Underneath Blanche’s quite calculating exterior, there is always a hint of hysteria. In her stories about Belle Reve or her tales of previous lovers, there is something edgy in her conversation, a threat of something that might erupt if she is not handled carefully. This disjunction between emotional surface and depth is brought out throughout the play in the way that Blanche cannot face up to her past, but only reveals glimpses of it through her neurotic behavior and occasional comments. For example, she is forever taking baths as if to clean her conscience, but continues to talk about her past actions in terms which suggest that she has no conception of
their moral implications. Admitting, for example, that it is her affairs which have led to her losing her job and being ruined financially, she can only ask Stella, in a roundabout fashion, “Haven’t you ever ridden on that streetcar [named Desire]? . . . It brought me here.” In similarly oblique terms, she describes a passionate affair as “someone you go out with—once—twice—three times when the devil is in you.” Her flirtation with Stanley and the man at the door also suggest that she does not have the self-awareness to realize that what she is doing here is no different from the things she has done in the past which she claims to regret so much.
Not only does Blanche lack self-awareness, she is also utterly self-centered. As a house-guest in a small apartment, her behavior is intensely irritating. (If David Mamet’s play Oleanna could be described as a play about a man who needs an answering machine, A Streetcar Named Desire is a play about a man who needs a guest room.) Not only must Blanche’s presence disrupt Stanley and Stella’s sexual intimacy, but it also spoils the routine of their everyday life, particularly because she is always in the bath when anyone else needs to use the bathroom. The fact that she freely (and dishonestly) drinks Stanley’s whisky and that she sends the pregnant Stella off to run errands for her further emphasizes a selfish nature.
Yet, despite her contradictions, dishonesty, inconsistency, and selfishness, Blanche comes across as a sympathetic, if not entirely likeable, character. Williams himself commented that “. . . when I think about her, Blanche seems like the youth of our hearts which has to be put away for worldly considerations: poetry, music, the early soft feelings that we can’t afford to live with under a naked light bulb which is now.” Even though her faults are plain to see, Blanche still commands pity. Williams thought that this pity was an important element of the play. In a letter to Elia Kazan, the first director of Streetcar, he answered a question which Kazan had put to him, saying, “I remember you asked me what should an audience feel for Blanche. Certainly pity. It is a tragedy with the classic aim of producing a catharsis of pity and terror and in order to do that, Blanche must finally have the understanding and Page 286 | Top of Articlecompassion of the audience. This without creating a black-dyed villain in Stanley. It is a thing (Misunderstanding with a capital M) not a person (Stanley) that destroys her in the end. In the end you should feel ‘If only they had known about each other.’ Perhaps part of the reason for this pity is that Blanche’s tragedy does not come about only because of her actions, but because of the flaws of society itself. As the old gentility of the South is threatened by modernization and industrialization, and as women’s roles become uncertain as they are caught between old ideals of beauty and gentility and the modern toleration of sexual license, Blanche appears to be stranded at a crossroads, with each choice of path risking society’s disapproval and her ultimate destruction.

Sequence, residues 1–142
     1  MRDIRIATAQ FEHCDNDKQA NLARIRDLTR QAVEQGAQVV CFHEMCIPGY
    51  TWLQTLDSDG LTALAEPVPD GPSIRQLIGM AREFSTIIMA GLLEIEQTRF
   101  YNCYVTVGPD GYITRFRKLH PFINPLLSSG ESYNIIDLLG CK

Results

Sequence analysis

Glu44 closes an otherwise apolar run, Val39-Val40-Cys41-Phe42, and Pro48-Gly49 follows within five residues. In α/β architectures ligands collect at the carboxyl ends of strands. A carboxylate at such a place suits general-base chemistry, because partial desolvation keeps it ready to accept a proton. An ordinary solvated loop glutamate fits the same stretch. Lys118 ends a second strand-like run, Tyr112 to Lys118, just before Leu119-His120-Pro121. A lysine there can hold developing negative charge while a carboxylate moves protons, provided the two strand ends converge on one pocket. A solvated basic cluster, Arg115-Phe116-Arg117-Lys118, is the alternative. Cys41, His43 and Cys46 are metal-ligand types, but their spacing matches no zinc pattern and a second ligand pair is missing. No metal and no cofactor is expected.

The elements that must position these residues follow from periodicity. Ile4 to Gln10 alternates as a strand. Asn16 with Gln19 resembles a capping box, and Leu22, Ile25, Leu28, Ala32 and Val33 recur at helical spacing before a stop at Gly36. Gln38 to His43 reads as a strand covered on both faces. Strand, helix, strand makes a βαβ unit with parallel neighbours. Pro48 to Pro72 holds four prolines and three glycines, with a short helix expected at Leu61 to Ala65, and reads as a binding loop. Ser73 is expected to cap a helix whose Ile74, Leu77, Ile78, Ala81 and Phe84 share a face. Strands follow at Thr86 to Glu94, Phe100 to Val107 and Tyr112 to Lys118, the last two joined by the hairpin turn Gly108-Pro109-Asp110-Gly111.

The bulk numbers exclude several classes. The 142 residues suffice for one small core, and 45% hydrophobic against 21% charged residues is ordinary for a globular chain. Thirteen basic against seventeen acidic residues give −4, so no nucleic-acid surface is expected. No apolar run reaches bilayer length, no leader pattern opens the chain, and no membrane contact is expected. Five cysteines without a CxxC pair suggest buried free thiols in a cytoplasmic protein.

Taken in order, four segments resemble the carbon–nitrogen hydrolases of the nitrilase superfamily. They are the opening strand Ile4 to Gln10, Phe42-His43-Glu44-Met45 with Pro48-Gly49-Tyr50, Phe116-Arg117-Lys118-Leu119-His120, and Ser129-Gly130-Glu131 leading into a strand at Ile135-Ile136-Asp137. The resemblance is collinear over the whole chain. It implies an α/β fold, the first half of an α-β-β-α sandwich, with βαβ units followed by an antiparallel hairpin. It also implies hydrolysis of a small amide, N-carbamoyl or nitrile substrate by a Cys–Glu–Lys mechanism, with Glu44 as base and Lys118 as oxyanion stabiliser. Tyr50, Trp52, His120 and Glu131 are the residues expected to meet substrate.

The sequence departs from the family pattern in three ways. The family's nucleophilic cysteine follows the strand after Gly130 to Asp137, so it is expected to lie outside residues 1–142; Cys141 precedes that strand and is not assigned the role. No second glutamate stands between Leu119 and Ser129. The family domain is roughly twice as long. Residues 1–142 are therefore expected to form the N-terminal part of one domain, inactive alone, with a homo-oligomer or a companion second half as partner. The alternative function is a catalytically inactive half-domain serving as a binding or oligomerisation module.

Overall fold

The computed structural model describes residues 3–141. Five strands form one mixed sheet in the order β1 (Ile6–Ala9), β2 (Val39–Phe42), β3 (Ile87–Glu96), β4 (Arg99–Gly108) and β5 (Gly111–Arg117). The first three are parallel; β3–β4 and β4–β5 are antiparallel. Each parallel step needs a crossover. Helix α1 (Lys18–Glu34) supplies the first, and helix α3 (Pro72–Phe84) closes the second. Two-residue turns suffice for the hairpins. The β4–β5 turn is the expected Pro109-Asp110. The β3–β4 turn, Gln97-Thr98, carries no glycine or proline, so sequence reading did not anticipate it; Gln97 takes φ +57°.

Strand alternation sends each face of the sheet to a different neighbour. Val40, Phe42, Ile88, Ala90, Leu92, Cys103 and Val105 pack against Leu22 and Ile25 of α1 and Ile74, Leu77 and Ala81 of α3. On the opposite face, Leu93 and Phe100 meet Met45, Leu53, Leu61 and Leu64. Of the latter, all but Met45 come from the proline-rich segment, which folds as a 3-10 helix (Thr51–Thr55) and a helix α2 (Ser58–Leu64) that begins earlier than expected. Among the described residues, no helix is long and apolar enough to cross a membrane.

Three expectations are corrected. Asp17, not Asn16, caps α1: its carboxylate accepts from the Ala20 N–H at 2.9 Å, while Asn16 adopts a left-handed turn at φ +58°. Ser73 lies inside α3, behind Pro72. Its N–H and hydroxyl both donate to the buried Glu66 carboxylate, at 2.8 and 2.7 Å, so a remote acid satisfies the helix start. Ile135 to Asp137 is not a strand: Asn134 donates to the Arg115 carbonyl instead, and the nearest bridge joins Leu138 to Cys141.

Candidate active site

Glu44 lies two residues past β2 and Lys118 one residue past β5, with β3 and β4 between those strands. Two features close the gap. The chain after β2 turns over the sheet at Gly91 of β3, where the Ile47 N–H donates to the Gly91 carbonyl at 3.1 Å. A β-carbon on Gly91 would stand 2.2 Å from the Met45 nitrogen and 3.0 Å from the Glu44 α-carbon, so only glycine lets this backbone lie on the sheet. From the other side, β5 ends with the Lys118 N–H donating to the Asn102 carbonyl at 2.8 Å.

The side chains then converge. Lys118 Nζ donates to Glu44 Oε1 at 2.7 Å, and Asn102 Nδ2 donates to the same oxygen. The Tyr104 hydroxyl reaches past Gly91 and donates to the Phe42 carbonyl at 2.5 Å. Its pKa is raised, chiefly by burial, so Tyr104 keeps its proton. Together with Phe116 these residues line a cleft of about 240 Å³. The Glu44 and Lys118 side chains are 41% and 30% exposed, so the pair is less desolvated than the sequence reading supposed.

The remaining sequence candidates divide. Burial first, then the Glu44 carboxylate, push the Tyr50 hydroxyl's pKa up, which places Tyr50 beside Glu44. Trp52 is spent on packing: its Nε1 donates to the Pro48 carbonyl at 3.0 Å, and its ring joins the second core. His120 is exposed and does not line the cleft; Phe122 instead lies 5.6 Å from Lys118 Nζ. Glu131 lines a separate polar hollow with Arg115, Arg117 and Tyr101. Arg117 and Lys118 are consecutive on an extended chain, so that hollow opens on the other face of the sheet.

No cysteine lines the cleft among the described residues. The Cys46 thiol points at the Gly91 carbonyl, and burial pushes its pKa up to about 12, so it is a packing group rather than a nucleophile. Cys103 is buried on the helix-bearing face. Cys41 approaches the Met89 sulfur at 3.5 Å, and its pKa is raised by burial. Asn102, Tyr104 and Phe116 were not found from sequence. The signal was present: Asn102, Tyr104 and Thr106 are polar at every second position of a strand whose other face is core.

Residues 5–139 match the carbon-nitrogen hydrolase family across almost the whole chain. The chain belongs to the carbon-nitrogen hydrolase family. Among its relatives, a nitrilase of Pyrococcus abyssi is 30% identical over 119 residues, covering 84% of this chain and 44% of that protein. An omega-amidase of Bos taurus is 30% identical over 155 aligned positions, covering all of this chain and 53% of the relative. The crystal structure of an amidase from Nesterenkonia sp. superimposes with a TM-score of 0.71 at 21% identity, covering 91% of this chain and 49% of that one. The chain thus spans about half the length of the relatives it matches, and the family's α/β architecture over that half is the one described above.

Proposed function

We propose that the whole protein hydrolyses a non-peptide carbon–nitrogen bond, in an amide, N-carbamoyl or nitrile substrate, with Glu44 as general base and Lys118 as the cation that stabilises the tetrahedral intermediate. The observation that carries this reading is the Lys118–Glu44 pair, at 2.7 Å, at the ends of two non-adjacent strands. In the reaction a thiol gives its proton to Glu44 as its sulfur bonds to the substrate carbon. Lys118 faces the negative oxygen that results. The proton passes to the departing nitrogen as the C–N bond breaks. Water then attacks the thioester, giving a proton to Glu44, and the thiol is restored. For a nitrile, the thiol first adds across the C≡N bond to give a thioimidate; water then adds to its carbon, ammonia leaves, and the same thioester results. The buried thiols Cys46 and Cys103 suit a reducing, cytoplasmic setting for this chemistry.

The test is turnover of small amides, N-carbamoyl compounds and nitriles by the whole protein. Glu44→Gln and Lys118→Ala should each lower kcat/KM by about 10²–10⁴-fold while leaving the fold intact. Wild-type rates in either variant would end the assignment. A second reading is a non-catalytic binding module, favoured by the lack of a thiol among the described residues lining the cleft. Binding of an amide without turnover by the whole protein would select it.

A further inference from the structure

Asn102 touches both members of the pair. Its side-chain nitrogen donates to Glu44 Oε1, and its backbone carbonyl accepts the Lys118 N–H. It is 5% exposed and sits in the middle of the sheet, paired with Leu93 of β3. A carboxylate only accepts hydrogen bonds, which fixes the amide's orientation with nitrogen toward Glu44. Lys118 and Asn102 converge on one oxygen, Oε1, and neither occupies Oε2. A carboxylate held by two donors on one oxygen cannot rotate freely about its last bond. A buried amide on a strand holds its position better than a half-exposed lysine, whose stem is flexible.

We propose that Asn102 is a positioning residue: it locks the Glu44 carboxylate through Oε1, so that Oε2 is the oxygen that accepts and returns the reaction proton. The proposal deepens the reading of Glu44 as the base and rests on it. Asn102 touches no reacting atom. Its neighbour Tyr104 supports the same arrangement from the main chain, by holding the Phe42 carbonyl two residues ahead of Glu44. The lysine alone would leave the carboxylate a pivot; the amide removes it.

Pablo Gonzales is the other player at poker along with Stanley, Mitch, and Steve. He is coarse and loud, a strong, physical character who is, according to the stage directions, “at the peak of [his] physical manhood.” He also speaks Spanish.
Eunice and Steve Hubbell
Eunice and Steve Hubbell, the landlords who live upstairs from Stanley and Stella, are a vision of what Stanley and Stella could become. Eunice is overweight and run down from too many pregnancies while Steve is not particularly understanding or supportive of his wife. Domestic violence appears to be routine in their marriage. Despite their failings, however, Steve and Eunice are not unlikeable characters. They are hospitable and neighborly and take Stella in when she seeks refuge from Stanley. Their audible presence upstairs gives a sense of the cramped living conditions in which the play’s actions occur.
Much of Stanley’s character is seen through his relationship with Blanche. Stanley does not seem to have a life outside of the immediate action of the play, but when he is onstage he has a commanding presence, a quality underlined by Blanche’s obvious sexual attraction to him. She even jokingly tells Stella that she has been flirting with Stanley to get him to see her side of the story about the loss of Belle Reve. While this may be her motivation, it’s obvious that Blanche is genuinely attracted to Stanley and that flirting does not take too much effort on her part.